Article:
For example, on your application or medical assessment forms, you may disclose a past psychological injury knowing that you are deemed fully fit to work by both your own treating doctors(s) and a workcover doctor (i.e. IME). The employer’s doctor may be or appear very supportive of you during your medical assessment, but – you guessed it- you were not hired once you disclosed any past injury/illness. Such experience is extremely common.

Basically it comes to this: Disclosure = NO job offer! The end.

To disclose or not to disclose

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Some employers may ask you fairly generic questions (during the interview, at the medical or on application forms) such as:

Have you had any condition that may affect your work?

Now, if your workcover claim is old and you have long been cleared for work, then – in our opinion -the appropriate answer would be “No”. Simple, no further digging is needed.

However, some employers may ask you a more specific question, such as:

Have you had any physical or psychological injury from work?

If you answer “Yes”, you will (most likely) NOT  get the job.

Many of us have been totally upfront with prospective employers about our injuries, as we’d like to believe it would be wrong to hide an injury or illness just so you can get to the job offer … and then drop the “injury” or “illness” or “workcover claim” bomb on the new employer. Only to find out we did not get the job because of it.

From experience we believe that if your past/current injury/illness does not affect the (new) work, it isn’t worth disclosing it during an interview or when the question is raised.

Each to his/her own – You’re the boss of your decision-making re disclosure. Good luck!

Do any others have experience of disclosure while job seeking under a WorkCover Certificate of Capacity, or when job seeking after a workplace injury/illness?

 

[Post dictated by WCV and transcribed on her behalf]



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4 Responses to “Getting a new job after a workplace injury”

  1. Hi, I am from Victoria and I am interested in this comment “Apart from QLD, there is no real legal obligation per se to disclose your past injuries/illnesses and/or past workcover claims, unless the injury/illness may affect your ability to meet the inherent requirements of the job.”
    Does anyone know if there Workcover legislation that supports that comment? Thank you.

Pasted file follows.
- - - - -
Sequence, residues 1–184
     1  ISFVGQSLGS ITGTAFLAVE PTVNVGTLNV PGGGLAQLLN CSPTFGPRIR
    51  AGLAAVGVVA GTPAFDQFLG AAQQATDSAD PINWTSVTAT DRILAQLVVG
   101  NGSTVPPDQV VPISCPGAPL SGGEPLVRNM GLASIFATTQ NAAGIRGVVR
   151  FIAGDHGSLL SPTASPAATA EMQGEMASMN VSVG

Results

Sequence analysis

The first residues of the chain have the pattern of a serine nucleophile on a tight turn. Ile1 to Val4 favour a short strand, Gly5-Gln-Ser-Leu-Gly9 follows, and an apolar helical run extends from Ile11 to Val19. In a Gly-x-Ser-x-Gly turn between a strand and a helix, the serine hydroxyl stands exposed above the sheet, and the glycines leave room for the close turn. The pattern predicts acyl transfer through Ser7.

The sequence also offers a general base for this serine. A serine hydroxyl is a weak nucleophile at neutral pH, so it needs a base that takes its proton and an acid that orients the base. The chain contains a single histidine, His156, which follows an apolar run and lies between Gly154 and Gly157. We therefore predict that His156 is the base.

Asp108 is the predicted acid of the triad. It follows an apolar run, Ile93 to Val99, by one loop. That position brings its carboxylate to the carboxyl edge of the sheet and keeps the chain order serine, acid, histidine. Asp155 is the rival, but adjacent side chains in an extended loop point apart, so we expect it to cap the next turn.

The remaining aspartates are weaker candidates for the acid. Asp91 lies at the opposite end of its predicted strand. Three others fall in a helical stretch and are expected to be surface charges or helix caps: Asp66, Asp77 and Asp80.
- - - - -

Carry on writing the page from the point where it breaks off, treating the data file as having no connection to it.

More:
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    • @Joan, there is no legislation that states you must disclose, except in QLD see http://aworkcovervictimsdiary.com/2014/05/workcover-qld-law-changes-causes-employment-discrimination/
      All the other state legislations basically define injury and ‘in the course of employment’ and state if you suffer from pre-existing injury/illness and you did not disclose that, you will not get to go on workcover. So, it’s always in your best interest to disclose pre-existing injuries/illnesses because if you aggravate that injury for example with a new employer, you will want workcover benefits. However what we’re saying is that if you are sure your injury will not aggravate and not affect the inherent requirements of your job then perhaps not disclosing is the way, because it is extremely hard to get new employment once injured.

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  2. @WCV3 how does this all work when you are stuck with a WC return to work provider (ie NABENET)? I had jobs lined up 2 yrs ago and they had to approve work site/employer/ job requirements. No chance of keeping WC claim private. They discussed my claim at length (from what I heard) with employer. Being an ex employer I would hire WC victim but only if I knew them. I watched a friends business destroyed by a dodgy claimant and QBE incompetent handlings (13 yrs ago). Its a sh*t setup and can’t see how it would ever work fairly for any WC victim. What to do??

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  3. WC sucks when u r injured at work everyone thinks you’re a fake regardless of the type or seriousness of ur injury. The more honest u r the more problems come ur way! There is really not ONE person or group who truly help injured workers in Australia. We r looked upon as bludgers, the injury is “our” fault no matter how it happened! And no one cares a damn! Try applying for a job over 50 and get doors slammed in your face because now ur old and injured so why would we bother employing u! I’ve been working in my industry for over 30 years but if u r asked to declare ur injury ur screwed! No benefits, no job, how r we to survive the mortgage, kids, enjoy life when injury has permanently damaged our bodies and ruined our lives! I was assaulted by a colleague who to date had got away with her punch to my head? Where is justice? She was sleeping with the boss so who believes my side? Good luck?